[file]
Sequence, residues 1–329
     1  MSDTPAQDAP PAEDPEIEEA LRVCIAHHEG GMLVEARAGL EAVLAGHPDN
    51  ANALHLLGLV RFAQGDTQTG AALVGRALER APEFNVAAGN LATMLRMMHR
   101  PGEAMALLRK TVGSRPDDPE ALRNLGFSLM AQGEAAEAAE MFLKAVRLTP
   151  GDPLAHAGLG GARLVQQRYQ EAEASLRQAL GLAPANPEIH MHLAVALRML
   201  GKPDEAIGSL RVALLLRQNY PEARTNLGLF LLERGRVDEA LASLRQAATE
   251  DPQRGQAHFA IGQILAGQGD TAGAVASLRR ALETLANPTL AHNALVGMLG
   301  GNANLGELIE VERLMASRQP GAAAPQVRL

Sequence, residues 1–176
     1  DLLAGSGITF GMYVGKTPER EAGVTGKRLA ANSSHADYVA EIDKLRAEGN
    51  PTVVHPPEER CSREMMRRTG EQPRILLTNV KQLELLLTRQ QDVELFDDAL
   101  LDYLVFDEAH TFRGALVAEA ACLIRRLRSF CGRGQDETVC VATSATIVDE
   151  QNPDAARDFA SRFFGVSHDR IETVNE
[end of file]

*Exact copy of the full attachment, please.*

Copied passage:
Sequence, residues 1–329
     1  MSDTPAQDAP PAEDPEIEEA LRVCIAHHEG GMLVEARAGL EAVLAGHPDN
    51  ANALHLLGLV RFAQGDTQTG AALVGRALER APEFNVAAGN LATMLRMMHR
   101  PGEAMALLRK TVGSRPDDPE ALRNLGFSLM AQGEAAEAAE MFLKAVRLTP
   151  GDPLAHAGLG GARLVQQRYQ EAEASLRQAL GLAPANPEIH MHLAVALRML
   201  GKPDEAIGSL RVALLLRQNY PEARTNLGLF LLERGRVDEA LASLRQAATE
   251  DPQRGQAHFA IGQILAGQGD TAGAVASLRR ALETLANPTL AHNALVGMLG
   301  GNANLGELIE VERLMASRQP GAAAPQVRL

Sequence, residues 1–176
     1  DLLAGSGITF GMYVGKTPER EAGVTGKRLA ANSSHADYVA EIDKLRAEGN
    51  PTVVHPPEER CSREMMRRTG EQPRILLTNV KQLELLLTRQ QDVELFDDAL
   101  LDYLVFDEAH TFRGALVAEA ACLIRRLRSF CGRGQDETVC VATSATIVDE
   151  QNPDAARDFA SRFFGVSHDR IETVNE